Yet when it comes to Nixon and Watergate, what’s different is that those yelling “Impeachment now!” (as was the case during Nancy Pelosi’s recent speech to the California Democratic Convention) possess a dangerously incomplete knowledge, and minimal understanding, of that vital chapter in American history.

Back in 1974, the House of Representatives did not initiate formal impeachment proceedings until after a Senate select committee chaired by conservative Democrat of North Carolina, Sam Ervin, and the ranking Republican member — moderate and respected Howard Baker of Tennessee — had completed its investigation. That in-depth probe, which had commenced in 1973, involved 51 days of hearings that were covered extensively by all three networks – and PBS had gavel-to-gavel coverage for two weeks – along with virtually every newspaper in the country.

The Senate Watergate Committee set the predicate for what followed. The House Judiciary Committee turned the Senate committee’s findings, plus those of Special Prosecutor Leon Jaworski, into the specific charges that brought Nixon down.

Given Senate Majority Leader Mitch McConnell’s slavish devotion to Trump, nothing like that will occur in this Congress. Anything that happens will have to start in the House. And it has started. Trouble is — and this must be corrected by Pelosi and her leadership team — the House Democrats’ approach so far appears to many voters to be helter-skelter, and fueled mainly by narrow political considerations. She needs to bang heads, big-foot the various chairs, and demand a comprehensive, coordinated, strategic approach. The public must be educated about the Russian interference in our democracy, about Trump & Co.’s cooperation with the Russians, and about Trump’s efforts to obstruct the investigation.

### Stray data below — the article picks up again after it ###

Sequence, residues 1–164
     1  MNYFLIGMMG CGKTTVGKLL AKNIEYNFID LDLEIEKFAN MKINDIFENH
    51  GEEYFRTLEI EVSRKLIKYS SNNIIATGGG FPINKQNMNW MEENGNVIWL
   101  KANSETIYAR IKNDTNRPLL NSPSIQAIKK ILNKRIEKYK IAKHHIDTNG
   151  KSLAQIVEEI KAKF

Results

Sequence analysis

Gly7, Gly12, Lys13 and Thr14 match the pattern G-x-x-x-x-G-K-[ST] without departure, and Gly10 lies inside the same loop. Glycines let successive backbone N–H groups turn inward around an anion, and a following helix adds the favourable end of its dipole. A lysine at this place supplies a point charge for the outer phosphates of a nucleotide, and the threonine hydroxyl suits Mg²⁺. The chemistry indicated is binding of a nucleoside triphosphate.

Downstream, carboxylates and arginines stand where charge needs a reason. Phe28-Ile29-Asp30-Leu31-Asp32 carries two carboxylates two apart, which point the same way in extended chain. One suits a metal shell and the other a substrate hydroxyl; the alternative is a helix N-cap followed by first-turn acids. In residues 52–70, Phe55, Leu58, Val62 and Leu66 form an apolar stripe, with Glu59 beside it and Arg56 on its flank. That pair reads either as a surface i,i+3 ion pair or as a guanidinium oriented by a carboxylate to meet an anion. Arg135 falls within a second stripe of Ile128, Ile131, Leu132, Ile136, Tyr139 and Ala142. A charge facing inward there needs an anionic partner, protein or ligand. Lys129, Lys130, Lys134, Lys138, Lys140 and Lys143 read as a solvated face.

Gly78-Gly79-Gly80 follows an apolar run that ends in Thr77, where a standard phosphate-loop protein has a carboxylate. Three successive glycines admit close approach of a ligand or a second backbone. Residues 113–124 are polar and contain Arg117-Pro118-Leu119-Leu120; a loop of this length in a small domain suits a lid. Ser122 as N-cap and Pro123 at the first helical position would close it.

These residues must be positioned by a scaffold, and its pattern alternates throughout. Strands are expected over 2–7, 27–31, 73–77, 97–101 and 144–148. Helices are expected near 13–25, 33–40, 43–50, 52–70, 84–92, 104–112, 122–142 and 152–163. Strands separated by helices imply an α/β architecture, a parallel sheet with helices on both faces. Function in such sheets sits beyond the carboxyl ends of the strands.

A more systematic approach to all major congressional action — not just something as contentious as impeachment — was once the norm in our nation’s capital. The following comparison is far from exact, but I was an eyewitness to how House Speaker Tip O’Neill facilitated movement on America’s first-ever national energy policy in 1977 and 1978. O’Neill circumvented the existing committee structure by appointing a “super committee” representing the various jurisdictions and interests, and then appointed a savvy and tough legislative tactician, Lud Ashley of Ohio, to chair it. Ashley was not an expert in energy policy, but he was an expert in getting things done.

Ranks of the “impeachment now” crowd are growing, and that momentum must be stalled, lest we drive ourselves, and our country, into a political box canyon. To do that the speaker needs — the “loyal opposition” needs — a coherent counter-approach, one that is understood by a majority of Americans. We are far from that right now.

The goal is simple: To remove Donald Trump from the Oval Office. Hardly anything else matters. As things now stand in the Senate, impeachment won’t accomplish that goal. Our only realistic hope is to be found in the 2020 election, and the case for defeating Trump will certainly be made by the Democrats’ eventual presidential nominee. But the foundation for that argument can be — should be — established now, and the process must start in the House of Representatives.

Les Francis served as Rep. Norman Mineta’s first congressional chief of staff before moving to Jimmy Carter’s White House as deputy assistant to the president and eventually deputy White House chief of staff. He remained active in national politics and public affairs from offices in Washington, D.C., for four decades before returning to his native California in 2016.